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April 13, 2009 9:25 AM

Dear RUS/NTIA: There Will Be Losers And That's OK

Just read through some of the other comments being filed for the BTOP program, and can't help but say this to our friends at RUS and NTIA: there will be losers in this process and that's OK.

I continue to be amazed at how many people, companies, and entities are trying to claim that it'd be a horrible thing if not every network operator could apply and how we want everyone and their mother to be putting in an application.

Even more galling as I've discussed before is how absurd it is to suggest that we shouldn't be requiring minimum speed levels just so that we can extend our arms wide enough to welcome all applications.

This is the absolute wrong way to go about thinking of these things.

First off, there's not enough money for everyone to get some, so it's unavoidable that there will be losers in this process.

Secondly, by setting the bar too low and allowing marginal applications the same opportunity as the best applications we're making life harder for RUS and NTIA as this creates more work for them to vet everything and more hassle weighing the relative merits of projects. But by raising the bar we can cut out a lot of the noise and allow them to focus on truly worthy projects.

Third, while some incumbents most definitely deserve subsidies to keep doing the good work they've already been doing, not every incumbent deserves subsidies. Put more bluntly, I can't see the sense in rewarding incumbent inaction with taxpayer-funded checks to keep doing business as usual.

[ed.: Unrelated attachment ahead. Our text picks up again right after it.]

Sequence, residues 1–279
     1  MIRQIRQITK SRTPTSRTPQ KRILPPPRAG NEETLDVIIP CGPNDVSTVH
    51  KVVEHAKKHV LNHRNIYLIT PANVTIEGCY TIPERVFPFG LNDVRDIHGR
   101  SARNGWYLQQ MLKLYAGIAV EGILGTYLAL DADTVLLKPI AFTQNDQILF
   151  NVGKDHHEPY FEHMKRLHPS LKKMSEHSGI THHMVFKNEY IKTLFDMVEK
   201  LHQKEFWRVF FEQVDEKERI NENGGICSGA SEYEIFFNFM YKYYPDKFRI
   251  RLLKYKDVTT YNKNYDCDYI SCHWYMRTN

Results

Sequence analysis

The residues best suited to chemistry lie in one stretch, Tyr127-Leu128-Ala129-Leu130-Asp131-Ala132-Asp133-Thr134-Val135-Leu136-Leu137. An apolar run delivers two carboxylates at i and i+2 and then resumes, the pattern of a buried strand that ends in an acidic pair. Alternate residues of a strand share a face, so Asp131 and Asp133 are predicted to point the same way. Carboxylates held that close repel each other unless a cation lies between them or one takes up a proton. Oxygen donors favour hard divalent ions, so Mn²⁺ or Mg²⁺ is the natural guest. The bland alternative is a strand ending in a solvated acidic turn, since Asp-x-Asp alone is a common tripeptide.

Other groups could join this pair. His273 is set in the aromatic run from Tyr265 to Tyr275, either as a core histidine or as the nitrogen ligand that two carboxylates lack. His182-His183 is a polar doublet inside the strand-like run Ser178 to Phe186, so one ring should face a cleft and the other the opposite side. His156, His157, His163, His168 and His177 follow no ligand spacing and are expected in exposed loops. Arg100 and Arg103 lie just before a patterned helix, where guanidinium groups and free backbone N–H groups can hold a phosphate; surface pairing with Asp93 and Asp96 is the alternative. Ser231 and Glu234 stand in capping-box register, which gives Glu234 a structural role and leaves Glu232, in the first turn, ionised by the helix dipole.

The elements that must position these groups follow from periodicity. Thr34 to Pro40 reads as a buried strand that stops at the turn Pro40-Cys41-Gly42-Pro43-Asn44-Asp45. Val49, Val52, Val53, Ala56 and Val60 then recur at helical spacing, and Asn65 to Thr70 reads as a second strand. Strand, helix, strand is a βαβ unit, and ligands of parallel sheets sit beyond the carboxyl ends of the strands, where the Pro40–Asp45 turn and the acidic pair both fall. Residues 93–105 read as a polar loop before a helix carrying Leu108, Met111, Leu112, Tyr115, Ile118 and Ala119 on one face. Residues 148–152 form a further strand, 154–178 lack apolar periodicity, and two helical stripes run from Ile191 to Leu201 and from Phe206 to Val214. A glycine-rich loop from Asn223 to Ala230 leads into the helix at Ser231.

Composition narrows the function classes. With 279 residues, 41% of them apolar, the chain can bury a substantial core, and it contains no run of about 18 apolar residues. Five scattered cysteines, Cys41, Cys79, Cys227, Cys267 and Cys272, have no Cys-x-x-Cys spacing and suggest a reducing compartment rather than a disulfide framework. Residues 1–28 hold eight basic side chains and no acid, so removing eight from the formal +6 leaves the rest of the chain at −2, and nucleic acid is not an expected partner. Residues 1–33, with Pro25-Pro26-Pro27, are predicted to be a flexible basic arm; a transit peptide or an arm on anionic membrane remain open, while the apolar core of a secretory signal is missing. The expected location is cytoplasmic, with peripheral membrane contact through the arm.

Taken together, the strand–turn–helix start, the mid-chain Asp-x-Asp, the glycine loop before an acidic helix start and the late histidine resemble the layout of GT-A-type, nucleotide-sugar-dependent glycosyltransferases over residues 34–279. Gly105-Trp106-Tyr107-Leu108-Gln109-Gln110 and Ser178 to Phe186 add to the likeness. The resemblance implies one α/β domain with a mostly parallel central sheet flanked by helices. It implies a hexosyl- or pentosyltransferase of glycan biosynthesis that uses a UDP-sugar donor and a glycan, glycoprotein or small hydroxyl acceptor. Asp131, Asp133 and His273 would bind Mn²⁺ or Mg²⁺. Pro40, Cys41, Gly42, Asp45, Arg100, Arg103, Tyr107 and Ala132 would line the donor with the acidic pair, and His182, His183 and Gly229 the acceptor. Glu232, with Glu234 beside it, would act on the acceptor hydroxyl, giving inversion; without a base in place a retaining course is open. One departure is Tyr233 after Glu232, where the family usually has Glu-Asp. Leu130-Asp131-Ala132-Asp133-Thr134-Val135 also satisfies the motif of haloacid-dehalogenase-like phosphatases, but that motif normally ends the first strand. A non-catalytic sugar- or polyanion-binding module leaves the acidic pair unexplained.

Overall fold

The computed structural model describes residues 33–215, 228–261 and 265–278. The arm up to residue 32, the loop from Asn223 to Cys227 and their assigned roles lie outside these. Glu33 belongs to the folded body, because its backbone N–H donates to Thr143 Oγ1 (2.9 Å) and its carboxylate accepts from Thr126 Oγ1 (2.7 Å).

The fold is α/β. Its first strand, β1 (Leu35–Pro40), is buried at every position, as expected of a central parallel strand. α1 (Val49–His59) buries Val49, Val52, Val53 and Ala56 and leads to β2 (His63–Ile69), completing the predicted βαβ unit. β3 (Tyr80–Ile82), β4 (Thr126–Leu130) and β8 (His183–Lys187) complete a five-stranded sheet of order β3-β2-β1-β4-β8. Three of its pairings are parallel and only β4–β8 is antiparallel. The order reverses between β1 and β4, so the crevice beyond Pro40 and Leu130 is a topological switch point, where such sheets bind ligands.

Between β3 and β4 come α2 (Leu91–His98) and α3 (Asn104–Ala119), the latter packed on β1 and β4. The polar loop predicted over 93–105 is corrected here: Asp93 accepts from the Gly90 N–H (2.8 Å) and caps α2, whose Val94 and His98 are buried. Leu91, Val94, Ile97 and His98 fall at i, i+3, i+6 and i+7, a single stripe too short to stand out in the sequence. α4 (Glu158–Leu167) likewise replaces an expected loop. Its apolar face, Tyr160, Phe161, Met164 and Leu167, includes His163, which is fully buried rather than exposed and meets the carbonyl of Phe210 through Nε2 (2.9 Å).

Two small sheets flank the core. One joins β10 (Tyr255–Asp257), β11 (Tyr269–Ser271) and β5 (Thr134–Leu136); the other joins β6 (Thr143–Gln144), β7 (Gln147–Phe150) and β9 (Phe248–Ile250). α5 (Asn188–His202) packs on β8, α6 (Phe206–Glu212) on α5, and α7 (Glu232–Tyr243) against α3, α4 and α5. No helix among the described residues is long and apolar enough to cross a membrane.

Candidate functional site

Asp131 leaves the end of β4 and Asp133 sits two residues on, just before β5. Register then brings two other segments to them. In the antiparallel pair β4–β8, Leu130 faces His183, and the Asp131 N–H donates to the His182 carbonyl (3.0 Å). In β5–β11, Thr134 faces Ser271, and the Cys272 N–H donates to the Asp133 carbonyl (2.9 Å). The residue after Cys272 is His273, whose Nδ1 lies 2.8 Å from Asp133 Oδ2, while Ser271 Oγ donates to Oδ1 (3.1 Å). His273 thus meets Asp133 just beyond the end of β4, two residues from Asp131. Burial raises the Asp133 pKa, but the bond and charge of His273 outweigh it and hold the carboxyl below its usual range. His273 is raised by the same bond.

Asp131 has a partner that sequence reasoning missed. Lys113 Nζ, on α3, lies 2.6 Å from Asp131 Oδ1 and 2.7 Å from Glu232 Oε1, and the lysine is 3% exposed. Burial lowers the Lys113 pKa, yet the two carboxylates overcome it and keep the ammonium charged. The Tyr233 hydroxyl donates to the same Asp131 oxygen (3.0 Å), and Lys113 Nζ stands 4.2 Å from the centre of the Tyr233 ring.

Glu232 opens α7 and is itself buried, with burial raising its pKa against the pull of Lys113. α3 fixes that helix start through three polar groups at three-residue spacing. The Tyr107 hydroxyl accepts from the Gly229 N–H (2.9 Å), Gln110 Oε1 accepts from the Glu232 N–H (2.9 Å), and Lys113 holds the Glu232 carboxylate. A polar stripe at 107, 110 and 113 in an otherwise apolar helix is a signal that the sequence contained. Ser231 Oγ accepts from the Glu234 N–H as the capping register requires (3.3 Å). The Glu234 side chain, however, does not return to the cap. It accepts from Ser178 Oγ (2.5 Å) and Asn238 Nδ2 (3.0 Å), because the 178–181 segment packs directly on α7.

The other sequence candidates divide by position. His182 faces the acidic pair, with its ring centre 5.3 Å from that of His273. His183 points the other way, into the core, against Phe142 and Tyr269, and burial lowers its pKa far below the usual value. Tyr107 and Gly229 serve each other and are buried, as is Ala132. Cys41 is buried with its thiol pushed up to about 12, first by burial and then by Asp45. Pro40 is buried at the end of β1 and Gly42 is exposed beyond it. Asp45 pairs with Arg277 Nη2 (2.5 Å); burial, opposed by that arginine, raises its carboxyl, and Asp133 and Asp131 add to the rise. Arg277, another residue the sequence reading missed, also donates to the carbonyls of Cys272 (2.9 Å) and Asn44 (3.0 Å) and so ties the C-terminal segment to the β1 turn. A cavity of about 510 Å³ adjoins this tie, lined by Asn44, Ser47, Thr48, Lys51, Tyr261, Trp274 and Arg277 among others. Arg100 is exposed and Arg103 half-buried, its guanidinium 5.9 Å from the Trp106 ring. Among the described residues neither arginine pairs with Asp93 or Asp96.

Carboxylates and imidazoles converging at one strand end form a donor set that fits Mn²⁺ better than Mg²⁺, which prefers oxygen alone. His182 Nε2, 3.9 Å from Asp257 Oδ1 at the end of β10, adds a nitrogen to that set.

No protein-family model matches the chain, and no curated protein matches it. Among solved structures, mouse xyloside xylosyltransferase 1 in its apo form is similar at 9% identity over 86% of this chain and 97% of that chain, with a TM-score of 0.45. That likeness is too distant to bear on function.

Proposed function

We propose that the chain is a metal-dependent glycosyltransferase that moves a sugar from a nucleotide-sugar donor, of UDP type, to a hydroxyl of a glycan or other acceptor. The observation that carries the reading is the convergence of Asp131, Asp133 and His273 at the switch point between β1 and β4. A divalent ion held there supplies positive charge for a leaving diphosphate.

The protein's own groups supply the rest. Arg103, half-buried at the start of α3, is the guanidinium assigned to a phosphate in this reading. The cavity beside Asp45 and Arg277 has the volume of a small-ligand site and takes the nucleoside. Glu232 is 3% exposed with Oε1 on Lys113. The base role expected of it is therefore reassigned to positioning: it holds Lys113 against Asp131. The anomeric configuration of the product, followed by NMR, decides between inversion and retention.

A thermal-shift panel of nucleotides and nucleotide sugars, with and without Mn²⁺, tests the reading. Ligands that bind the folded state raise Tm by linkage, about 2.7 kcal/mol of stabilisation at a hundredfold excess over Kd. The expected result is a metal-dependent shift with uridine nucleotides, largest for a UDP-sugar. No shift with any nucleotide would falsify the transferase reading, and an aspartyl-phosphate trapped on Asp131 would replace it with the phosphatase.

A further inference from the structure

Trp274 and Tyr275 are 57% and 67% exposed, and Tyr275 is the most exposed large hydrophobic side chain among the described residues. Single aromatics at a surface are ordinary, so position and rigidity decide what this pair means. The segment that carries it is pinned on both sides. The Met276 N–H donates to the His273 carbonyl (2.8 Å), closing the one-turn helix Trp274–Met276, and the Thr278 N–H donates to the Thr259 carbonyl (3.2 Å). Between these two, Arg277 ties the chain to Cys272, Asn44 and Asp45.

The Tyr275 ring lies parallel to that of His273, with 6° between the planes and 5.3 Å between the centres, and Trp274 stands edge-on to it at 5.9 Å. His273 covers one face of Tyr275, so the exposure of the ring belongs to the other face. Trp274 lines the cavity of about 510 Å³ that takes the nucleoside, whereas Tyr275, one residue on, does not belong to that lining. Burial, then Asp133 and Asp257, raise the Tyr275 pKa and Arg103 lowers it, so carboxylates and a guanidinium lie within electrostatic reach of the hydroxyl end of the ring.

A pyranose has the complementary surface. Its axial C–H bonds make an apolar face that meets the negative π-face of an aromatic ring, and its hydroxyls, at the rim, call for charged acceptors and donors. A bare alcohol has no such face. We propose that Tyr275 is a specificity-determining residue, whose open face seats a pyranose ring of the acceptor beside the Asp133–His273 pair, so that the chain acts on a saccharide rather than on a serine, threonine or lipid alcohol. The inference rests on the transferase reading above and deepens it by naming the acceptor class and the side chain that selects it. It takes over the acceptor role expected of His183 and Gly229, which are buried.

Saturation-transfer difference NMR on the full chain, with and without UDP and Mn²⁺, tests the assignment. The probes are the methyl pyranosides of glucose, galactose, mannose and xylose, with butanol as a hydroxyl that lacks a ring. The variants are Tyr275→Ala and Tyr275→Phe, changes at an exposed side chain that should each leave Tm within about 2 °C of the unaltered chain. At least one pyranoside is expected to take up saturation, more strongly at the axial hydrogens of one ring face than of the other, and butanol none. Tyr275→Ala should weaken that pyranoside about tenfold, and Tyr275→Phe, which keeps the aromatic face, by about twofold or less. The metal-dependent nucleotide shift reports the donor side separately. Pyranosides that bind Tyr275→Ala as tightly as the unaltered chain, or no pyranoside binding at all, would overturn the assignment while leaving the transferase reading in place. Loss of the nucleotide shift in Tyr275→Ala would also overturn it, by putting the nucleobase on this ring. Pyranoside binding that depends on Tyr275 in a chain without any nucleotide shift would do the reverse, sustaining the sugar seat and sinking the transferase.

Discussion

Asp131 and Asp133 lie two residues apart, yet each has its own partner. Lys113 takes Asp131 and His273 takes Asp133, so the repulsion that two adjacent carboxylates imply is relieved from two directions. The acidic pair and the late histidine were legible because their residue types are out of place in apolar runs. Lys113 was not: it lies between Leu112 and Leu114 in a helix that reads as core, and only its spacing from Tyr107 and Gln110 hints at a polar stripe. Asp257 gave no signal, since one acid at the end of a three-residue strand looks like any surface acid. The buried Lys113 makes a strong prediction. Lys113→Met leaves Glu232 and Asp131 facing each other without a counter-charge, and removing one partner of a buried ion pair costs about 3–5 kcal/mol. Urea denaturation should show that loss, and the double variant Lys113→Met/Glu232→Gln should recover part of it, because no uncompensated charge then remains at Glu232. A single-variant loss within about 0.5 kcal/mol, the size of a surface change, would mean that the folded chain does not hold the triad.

Fourth, not every broadband technology deserves funding. By going overboard trying to be technologically neutral we risk funding dead-end technologies with no great hope for future development and giving subsidies to technologies that claim to deliver a certain speed but can't actually do so in a reliable way. Plus there's the likelihood that some of these dollars will go towards saddling unserved areas with last-generation technology, which will cement their position as second-class citizens in the Digital Age.

Fifth, not every municipality deserves funding, at least not right now. I'm not denigrating municipal broadband in general or any community in particular, instead I'm pointing out that there are a lot of places who haven't become serious about broadband until BTOP came along and therefore aren't likely ready to move forward quickly with deployment. Instead we should be rewarding those communities that already have their act together and that already have been working towards finding ways to wire themselves.

Now I should say that I'm a pragmatist at heart, and I do realize that by adding restrictions we reduce the pool of applicants which could potentially mean not having enough viable projects to fund. But I think it's irresponsible to assume that that's absolutely the case and therefore lower the bar for the quality of projects BTOP funds.

Instead I'd rather see us set a high bar that respects the public interest and see what applications show up. My guess is no matter how high it's set there'll still be plenty of projects to fund. But if not we can always lower that bar at a later date.

Getting back to the point of this post, we can't allow ourselves to set policy based on the lowest common denominator here. We can't feel sorry for those applicants who may lose out on eligibility because their projects aren't good enough. We can't worry about protecting private interests over elevating the public good.

It's unavoidable that there will be losers in this process. So instead of wasting our time making sure that everyone can play on their terms, let's focus on making sure that these limited funds go to the best possible projects that don't just deliver what private companies want to deploy but instead bring about the kind of connectivity that the public needs.

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